f) Does the 3D Systems Intelligence Lens help to transcend paradigms? What would be better?
LEVERAGE POINT 2 : The mindset or paradigm out of which the system — its goals, structure, rules, delays, parameters — arises
a) Looking at life through the 3D Systems Intelligence Lens, how can we define indisputable real wealth and wellbeing, regardless of the paradigm we aligns with?
b) Based on these what anomalies and failures do we see in our present global unstated assumptions?
c) Who are the “open-minded people in the vast middle ground” that we need to help realise this?
d) Who and what is needed to make this happen and how do you go about it?
LEVERAGE POINT 3 - The goals of the system.
a) What is the present whole system goal of our economies?
b) Based on the answers to the questions in LP 2, what should the indisputable “whole system goal” of our economies be?
c) How would this new “whole system goal” be articulated, championed and promoted to those identified in question LP 2C?
LEVERAGE POINT 4 : The power to add, change, evolve, or self-organise system structure.
a) What can we learn from evolution in nature to help with “self-organisation” within our economies and human life, that influence items further down on this list?
b) How do we design these characteristics into our new innovations from the outset?
c) What areas of focus are worth leveraging first i.e. trust building mechanisms, money, finance, human interaction?
d) What is needed to encourage activity around this LP, i.e. experimental mentalities, praxis spaces, decentralised tools and repositories?
LEVERAGE POINT 5 : The rules of the system (such as incentives, punishments, constraints).
a) Who currently has the power over the rules?
b) Who should have the power to make and change the rules, if anybody?
c) What might indisputable economic rules look like?
d) What types of trends and behaviours do we need to encourage and what rules are needed to do this?
e) Which current rules are worth maintaining and why?
f) Do we need feedback to influence the rules?
LEVERAGE POINT 6: The structure of information flows (who does and does not have access to information).
a) What type of information flows (feedback) are currently missing but desperately needed and why?
b) Who should have access to this information?
c) What type of behaviour is it hoped it will change?
d) What is the most compelling form?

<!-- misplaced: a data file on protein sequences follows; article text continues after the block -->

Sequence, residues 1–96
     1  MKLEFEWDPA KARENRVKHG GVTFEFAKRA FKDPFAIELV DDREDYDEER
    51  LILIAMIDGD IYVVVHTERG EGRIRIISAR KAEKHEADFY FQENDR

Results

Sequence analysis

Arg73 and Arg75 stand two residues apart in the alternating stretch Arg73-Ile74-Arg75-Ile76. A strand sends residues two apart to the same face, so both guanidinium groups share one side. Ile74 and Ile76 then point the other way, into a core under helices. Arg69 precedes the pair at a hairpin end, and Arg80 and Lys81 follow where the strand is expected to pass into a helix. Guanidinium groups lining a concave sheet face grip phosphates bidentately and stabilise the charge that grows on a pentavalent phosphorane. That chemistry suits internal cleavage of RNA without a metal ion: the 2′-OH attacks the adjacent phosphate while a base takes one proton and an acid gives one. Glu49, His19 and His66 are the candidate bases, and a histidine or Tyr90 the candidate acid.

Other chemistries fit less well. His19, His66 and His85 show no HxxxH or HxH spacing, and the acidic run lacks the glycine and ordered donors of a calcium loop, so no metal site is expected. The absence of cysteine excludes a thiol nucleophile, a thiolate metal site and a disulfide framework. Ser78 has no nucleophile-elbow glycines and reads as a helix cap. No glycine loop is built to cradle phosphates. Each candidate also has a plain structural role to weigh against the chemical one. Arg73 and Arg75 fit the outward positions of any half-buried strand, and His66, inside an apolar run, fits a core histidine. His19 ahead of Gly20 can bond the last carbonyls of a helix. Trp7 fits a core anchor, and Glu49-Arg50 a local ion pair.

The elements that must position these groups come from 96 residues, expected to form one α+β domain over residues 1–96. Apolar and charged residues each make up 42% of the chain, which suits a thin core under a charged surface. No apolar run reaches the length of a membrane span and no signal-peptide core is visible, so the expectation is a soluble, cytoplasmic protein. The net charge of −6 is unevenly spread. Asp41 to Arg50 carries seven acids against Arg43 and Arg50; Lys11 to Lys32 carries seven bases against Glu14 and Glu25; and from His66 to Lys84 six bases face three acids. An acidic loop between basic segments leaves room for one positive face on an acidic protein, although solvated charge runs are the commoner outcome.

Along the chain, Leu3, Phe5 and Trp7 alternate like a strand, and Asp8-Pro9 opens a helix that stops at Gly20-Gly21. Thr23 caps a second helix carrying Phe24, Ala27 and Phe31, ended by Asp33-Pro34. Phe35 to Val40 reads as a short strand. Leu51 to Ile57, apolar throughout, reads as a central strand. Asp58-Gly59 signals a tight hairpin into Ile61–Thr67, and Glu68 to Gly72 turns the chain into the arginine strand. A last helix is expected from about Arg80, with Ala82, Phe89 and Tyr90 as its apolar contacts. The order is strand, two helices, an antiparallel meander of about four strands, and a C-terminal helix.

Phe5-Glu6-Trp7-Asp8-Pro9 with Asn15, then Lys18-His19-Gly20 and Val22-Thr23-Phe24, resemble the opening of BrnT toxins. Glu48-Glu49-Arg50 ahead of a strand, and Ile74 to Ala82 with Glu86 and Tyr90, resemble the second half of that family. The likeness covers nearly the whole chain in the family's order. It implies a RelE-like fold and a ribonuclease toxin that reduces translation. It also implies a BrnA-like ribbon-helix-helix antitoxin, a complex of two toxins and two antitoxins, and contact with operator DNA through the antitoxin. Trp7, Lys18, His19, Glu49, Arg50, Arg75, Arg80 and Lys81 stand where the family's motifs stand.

e) Who currently has access and control over this information and why is not being shared? Are there accountability issues?
LEVERAGE POINT 7: The gain around driving reinforcing (positive) feedback loops.
a) What high impact, low resistance strategies can be implemented at scale to reduce the extractive gains (+ lagging degenerative impacts) around a positive feedback loop?
b) Who and what will be impacted and why?
c) Who and what is needed to do this and how will it happen?
d) What repercussions or secondary impacts may this have? How can they be mitigated or amplified? Are ripple effects possible?
e) Can the positive loops be turned to negative loops overtime?
LEVERAGE POINT 8 : The strength of balancing (negative) feedback loops, relative to the impacts they are trying to correct against.
a) What current forces are distorting or weakening negative feedback loops
b) Why is this happening and what and/or who is responsible?
c) What can be done about this?
d) What high impact and indisputable negative impacts can quickly be scaled?
e) Who and what is needed and how will it be done?
LEVERAGE POINT 9: The lengths of delays, relative to the rate of system change.
a) What can be done to reduce the time taken to react to negative consequences at multiple scales (report creation, analysis, policy development and implementation, behavioural change)?
b) Are delays primarily due to the speed of information or response to that information and what can be done to drive timely actions that are neither two slow or fast?
LEVERAGE POINT 10 : The structure of material stocks and flows (such as transport networks, population age structures).
a) What can we understand about limitations and bottlenecks of the structure of material stocks and flows?
b) How do we refrain from fluctuations or expansions that strain capacity?
c) What lessons can be learnt from the present structure and nature to inspire future designs?
LEVERAGE POINT 11: The sizes of buffers and other stabilising stocks, relative to their flows.
a) What buffers are missing in the world today and why?
b) How can they or alternatives be created?
c) What new types of buffers, holding valuable stock, now exist but need to be potentialised?
d) How can this be done?
LEVERAGE POINT 12 : Constants, parameters, numbers (such as subsidies, taxes, standards)
a) Why according to Meadows is 90–99% attention given to constraints and parameters yet they rarely change behaviours unless they influence the LP’s discussed above?
b) Based on the learnings can they be used more strategically to influence deeper leverage?
c) How can metrics and readings be integrated and consolidated at different levels?
d) Can we use technology to develop “health status” visualisation systems that can help influence behaviours and strategies?
What do you think?
In the next part I will continue to look at the emergent alternative which integrate narratives and approaches.
This blog post is part of a seven-part series on Systems Intelligence: